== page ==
- Social Media: I’m a bit late in the game here. I just really started realizing the potential in this area earlier this year, but when used correctly social media can provide you a plethora of valuable information. I absolutely love Twitter for this very reason. Follow the right people and organizations, and a lot of the opportunities mentioned above will show up in your stream.
Do you have any other ideas? Share them below in the comments section below! 🙂
I’ve been on a quest to find local nonprofit blogs. I thought I should share the list (along with each organizations mission statement) in case you were looking for some to follow. If you know of any others, please share in the comments section below.. enjoy!
- Casa Valentina: Casa Valentina’s mission is to help young women transition successfully from foster care to independent living.
- Art Studio Miami: The mission of Art Studio Inc, a 501c3 non-profit organization, is to empower young minds by providing a safe location where youth are inspired and guided by artists, teachers and professional mentors who support the student’s education and career development through the integration of creative holistic arts.
- Voices for Children Foundation: The mission of Voices For Children Foundation is to raise funds to ensure that every abused and neglected child in Miami-Dade County has a court-appointed Guardian ad Litem and that financial assistance and other resources are available for their accompanying health, educational, and social needs.
- Fairchild Tropical Botanical Gardens: Our mission is to save tropical plant diversity by exploring, explaining and conserving the world of tropical plants; fundamental to this task is inspiring a greater knowledge and love for plants and gardening so that all can enjoy the beauty and bounty of the tropical world.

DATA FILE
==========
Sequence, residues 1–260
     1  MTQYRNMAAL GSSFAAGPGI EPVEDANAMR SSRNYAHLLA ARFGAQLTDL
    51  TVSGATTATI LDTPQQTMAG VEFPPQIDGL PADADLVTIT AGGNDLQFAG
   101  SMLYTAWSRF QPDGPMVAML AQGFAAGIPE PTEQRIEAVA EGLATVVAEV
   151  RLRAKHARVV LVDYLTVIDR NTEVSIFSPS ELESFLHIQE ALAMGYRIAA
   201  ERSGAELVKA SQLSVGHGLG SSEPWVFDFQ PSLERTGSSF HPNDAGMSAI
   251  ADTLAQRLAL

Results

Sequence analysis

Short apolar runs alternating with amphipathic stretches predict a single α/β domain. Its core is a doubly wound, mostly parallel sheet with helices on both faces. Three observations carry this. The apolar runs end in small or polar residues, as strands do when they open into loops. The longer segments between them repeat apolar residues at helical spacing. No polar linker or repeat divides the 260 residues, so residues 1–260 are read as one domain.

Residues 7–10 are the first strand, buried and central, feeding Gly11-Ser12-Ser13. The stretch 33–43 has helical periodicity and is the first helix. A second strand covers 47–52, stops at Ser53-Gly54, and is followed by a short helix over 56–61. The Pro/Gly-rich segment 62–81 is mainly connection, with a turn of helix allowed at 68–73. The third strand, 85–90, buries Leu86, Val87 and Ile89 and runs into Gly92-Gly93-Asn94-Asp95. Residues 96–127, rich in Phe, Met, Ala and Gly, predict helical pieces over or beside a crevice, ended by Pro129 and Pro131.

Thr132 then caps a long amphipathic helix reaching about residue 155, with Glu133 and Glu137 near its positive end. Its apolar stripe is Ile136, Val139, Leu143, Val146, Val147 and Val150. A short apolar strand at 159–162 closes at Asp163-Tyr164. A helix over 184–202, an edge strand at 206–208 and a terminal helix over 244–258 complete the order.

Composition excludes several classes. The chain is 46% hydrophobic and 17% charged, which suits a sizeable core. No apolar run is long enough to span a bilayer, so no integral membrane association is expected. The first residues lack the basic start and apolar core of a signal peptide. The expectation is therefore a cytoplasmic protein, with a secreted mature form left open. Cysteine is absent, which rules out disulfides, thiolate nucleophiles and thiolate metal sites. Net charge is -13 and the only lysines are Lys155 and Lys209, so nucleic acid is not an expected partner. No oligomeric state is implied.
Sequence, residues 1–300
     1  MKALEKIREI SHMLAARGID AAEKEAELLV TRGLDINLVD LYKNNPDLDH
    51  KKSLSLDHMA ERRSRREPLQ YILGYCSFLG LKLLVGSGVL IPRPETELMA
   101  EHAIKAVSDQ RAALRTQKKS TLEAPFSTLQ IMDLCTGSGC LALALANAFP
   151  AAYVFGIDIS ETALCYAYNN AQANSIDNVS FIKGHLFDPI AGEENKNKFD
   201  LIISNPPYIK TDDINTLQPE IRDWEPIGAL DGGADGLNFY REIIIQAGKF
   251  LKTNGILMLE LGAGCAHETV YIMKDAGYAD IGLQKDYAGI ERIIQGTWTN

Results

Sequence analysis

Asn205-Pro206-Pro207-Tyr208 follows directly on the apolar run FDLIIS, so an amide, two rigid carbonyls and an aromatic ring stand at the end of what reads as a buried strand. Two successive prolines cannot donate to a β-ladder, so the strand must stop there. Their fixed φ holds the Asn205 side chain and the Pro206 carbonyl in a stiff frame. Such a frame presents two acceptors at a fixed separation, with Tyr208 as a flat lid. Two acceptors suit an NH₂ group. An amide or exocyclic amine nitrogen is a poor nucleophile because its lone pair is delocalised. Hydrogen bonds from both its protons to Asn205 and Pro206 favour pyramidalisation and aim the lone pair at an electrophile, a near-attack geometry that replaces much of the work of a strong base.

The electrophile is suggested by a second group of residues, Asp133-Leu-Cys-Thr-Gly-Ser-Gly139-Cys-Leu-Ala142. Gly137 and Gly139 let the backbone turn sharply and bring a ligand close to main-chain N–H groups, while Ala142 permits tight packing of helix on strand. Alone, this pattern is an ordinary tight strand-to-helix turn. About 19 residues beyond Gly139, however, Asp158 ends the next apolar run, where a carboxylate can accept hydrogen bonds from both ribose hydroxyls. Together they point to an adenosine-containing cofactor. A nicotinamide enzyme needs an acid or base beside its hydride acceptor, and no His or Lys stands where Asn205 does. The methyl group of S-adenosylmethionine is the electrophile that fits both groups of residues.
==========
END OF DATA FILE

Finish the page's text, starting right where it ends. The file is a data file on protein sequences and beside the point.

- South Florida Red Cross: The American Red Cross, a humanitarian organization led by volunteers and guided by its Congressional Charter and the Fundamental Principles of the International Red Cross Movement, will provide relief to victims of disaster and help people prevent, prepare for, and respond to emergencies.
- MOCA: The Museum of Contemporary Art (MOCA) is dedicated to making contemporary art accessible to diverse audiences – especially underserved populations – through the collection, preservation and exhibition of the best of contemporary art and its art historical influences.
- Catalyst Miami: To develop and support individual leadership and strong organizations that work together to improve health, education and economic opportunity in all our communities.
- Knight Foundation: Knight Foundation supports transformational ideas that promote quality journalism, advance media innovation, engage communities and foster the arts. We believe that democracy thrives when people and communities are informed and engaged.
- LegalArt Miami: Founded in 2003, LegalArt has dedicated itself to providing artists with affordable legal services, grants and educational opportunities. By empowering artists with access to legal and professional support, resources and information, LegalArt creates opportunities and protections for Miami’s art community; fostering a generation armed with the skills to legally protect their creations. All LegalArt programming helps artists by creating a community both dedicated to and invested in their success.
- Greater Miami Jewish Federation: The Mission of the Greater Miami Jewish Federation is to mobilize human and financial resources to care for those in need, strengthen Jewish life and advance the unity, values and shared purpose of the Jewish people in Miami, in Israel and around the world.
Adding another great organization to the list!